Hey Nate.....you hangin? Keeping busy w/work helping some? Sounds like you still feel pulled in two different directions....like the old Indian torture method of being pulled apart by the limbs on two diff trees, huh?
I hear you on the not knowing HOW......but you can LEARN how....At least you have some youth on your side where you haven't repeated these patterns for years and years and years......that will help SOME. I don't mean it will be easy because you are 17.....just easier than if you were 37 LOL Less grooves on the record....if you will. Un-learn and re-learn, huh?
I know you said you live in a small rural town. But, as rampant as our disease of addiction is....there's GOTTA be some younger people where you live that WANT to live clean and sober.
It will be HARD to step out of your comfort zone and put yourself in a position to meet these people.....but a new life style, new values, new ways to party and dance and have fun WITHOUT drugs will ONLY be found with THOSE people. The pull of your "old friends" will be there until you develop friendships and relationships with "new friends" that DON'T want to drug their way thru life.
And at some point, you will have to become willing to say "goodbye" to all that "you think" represents "fun".
You aren't gonna like this suggestion much, but I gotta share it anyway....
The individual at Celebrate Recovery that betrayed your trust....... please contact that person.....share what happened INSIDE of you.......he/she ISN'T the WHOLE group by the way. He/she is just one fallible human being. It will help YOU AND help the "leader person.".....to talk about it. Resentment is like poison.....a thorn sticking in us that oozes, gets *****, gross and the resentment poisons the resentor.......NOT the person we are resenting. He/she may be able to shed some light on what "you heard" happend and what may have "really" happened....or at the least, help that person to be aware of something they did that was so hurtful so they don't do it again and hurt someone else that is vulnerable and trying to get clean.
The "thorn" has to be removed or it will continue to fester. There may be a scar.....but only when you intentionally "pull it out" can it begin to heal.
Heck, this person may not even know what he/she did.....or maybe there is more to it than you know about and won't unless you are able to share your heart with them.......doing that will OPEN a door in your heart that is closed.
Also, you play drums in a praise band.......got a youth group you could consider?.....I KNOW you think partying w/your using friends SOUNDS like more fun......but you know where that leads and it will literally KILL you or you will end up in legal trouble. You already made reference to a close call or something legally, I thought. If I remember right, you also said something about a youth pastor or some guy you were totally jazzed about and what had happend to him. Go talk to HIM. Start the ball rolling in the OTHER direction.....it will feel like it is UP hill.....and it's HARD.....but you CAN do it.....writing a goodbye letter, writing a song, getting your feelings out on paper......sharing with someone who DOESN'T currently use drugs.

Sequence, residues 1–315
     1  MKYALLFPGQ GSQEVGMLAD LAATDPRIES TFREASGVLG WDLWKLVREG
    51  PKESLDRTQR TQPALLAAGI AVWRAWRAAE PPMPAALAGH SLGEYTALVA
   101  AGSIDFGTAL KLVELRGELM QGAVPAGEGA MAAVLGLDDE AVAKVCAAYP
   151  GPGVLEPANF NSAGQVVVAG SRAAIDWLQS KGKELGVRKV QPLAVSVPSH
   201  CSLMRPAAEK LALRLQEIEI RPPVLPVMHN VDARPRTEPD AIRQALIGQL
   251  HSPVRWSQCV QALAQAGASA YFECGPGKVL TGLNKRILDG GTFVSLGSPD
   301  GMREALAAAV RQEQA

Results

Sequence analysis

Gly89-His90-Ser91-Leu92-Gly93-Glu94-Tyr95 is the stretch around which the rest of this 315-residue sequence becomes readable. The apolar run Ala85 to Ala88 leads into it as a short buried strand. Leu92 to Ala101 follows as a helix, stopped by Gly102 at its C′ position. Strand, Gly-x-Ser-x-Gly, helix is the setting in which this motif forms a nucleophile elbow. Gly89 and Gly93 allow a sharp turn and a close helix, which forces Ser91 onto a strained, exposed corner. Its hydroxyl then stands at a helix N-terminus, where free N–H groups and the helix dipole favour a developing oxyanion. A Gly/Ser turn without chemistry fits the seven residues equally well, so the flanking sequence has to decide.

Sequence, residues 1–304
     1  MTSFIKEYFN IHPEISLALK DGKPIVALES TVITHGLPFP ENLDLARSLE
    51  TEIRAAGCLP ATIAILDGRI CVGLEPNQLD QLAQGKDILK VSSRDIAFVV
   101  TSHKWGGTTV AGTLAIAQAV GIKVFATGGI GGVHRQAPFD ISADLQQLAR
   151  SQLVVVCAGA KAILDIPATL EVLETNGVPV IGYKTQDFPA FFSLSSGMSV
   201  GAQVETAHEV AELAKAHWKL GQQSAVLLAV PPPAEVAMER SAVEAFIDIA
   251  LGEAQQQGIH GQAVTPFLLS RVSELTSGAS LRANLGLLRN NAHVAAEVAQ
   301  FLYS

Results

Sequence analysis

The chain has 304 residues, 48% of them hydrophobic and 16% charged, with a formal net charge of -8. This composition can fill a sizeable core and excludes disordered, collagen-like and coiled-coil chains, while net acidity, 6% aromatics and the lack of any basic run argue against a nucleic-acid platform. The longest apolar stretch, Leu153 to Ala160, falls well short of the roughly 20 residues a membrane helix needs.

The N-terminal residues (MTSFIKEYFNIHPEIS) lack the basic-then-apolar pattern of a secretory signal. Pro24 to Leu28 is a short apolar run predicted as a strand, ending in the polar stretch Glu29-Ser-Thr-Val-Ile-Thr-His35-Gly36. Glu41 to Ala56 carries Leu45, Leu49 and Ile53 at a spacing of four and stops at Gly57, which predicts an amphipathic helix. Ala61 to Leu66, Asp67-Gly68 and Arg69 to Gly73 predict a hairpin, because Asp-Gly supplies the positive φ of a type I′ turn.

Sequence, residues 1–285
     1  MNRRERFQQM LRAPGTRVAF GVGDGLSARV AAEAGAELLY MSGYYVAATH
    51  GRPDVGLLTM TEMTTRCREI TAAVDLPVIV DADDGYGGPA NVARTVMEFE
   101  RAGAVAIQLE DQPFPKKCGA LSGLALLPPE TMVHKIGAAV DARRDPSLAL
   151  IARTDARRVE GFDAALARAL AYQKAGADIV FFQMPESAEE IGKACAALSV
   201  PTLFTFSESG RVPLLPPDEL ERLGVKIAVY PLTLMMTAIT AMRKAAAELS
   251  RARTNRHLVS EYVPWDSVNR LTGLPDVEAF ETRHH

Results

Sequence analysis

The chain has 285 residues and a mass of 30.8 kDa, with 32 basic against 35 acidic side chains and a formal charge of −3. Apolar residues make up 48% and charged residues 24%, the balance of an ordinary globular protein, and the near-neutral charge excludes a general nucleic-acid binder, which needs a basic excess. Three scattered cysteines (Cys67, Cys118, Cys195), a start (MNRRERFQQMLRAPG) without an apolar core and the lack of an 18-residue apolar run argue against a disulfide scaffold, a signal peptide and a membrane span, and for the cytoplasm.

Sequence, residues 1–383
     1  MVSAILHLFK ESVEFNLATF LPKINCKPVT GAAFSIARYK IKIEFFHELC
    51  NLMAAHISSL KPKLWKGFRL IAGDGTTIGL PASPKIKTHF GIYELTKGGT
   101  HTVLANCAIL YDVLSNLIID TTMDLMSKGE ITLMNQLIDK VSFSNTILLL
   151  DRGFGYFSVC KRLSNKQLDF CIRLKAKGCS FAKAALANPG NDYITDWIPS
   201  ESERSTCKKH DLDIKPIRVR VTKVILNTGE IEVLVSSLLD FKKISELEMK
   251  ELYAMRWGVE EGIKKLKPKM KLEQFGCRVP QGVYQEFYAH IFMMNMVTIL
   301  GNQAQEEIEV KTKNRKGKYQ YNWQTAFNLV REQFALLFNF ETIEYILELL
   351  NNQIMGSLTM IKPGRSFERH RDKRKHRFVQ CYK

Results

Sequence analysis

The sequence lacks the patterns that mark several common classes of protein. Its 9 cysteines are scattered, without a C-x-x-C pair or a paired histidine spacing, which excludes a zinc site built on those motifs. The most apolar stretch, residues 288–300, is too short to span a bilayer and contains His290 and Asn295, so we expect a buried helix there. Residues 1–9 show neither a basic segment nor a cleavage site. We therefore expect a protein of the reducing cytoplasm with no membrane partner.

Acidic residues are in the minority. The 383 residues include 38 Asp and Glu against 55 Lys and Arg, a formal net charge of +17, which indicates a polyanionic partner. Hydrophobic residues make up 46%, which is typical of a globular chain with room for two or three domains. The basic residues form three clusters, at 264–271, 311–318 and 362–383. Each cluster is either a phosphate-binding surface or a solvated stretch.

Remember, addicts don't "look" a certain way......we are loved and cherished just as much as someone who has cancer......Only God knows our hearts.........and only another addict knows what it's like to BE one~
Hi Nate – I think I know how you are feeling. I was exactly where you are now back in 1978 at 15 y/o. Let me say that I believe that brice1967 has provided you with a response that took me 49 years to finally understand. I spent 1977 (14 y/o) to 2013 (49 y/o) stoned, tripping, and/or on some type of pain medication. My dad was an incredibly talented guitar player and has played with many famous musicians in the 60’s ad 70’s. The issue is that he was a heroin addict (now deceased) and my mother had her own problems (I’ve lived with her 3 years of my life). My dad left when I was 2 y/o and my mother dropped my off at a relative and I rarely saw her after that. I was handed off to a different relative or family friend from every year or two and located anywhere from Maine, Kansas, Colorado, Texas and even over to Europe. In Europe, at 14 y/o, I started getting high as soon as I joined a band with some older people who were into the drug scene which lead to much harder drugs. But as brice1967 clearly said, for me, I was addicted to not having to deal with constantly explaining why I didn’t live with my parents. I was always the “new kid” in a new school. Inevitably, some bunch of guys would need to fight to prove their worth at the expense of the new kid. All I wanted to do was play guitar and ponder life. Getting high was a way to not think about it for a while. It didn’t solve anything. It didn’t make people more understanding or accepting. It surely didn’t allow me to articulate my thoughts on life, human interaction, happiness, love, loneliness, and loss.
Then, again to brice1967’s point, I got married in 1990. I was determined to create a long-lasting relationship. Again, never dealing with the deeper issues, I just ended up getting high and taking prescription pain-meds because I was so stressed about NOT ending up divorced like my parents.
Next in life came the kids. Oh no. There is no way they are going to go through what I went through. The migraines became so much worse that it was a very easy, even a convenient excuse to accept taking pain medication for the past 16 years. It was because it allowed me to block out and not think about the worry and stress I constantly put on myself. The real reason for why I am still, at 49 y/o, taking the medication. Every time I drop my daughter off at High School – I’m stressed for her. Are the kids being mean to her? Every time my wife comes home from work and her day was rough – I’m stressed because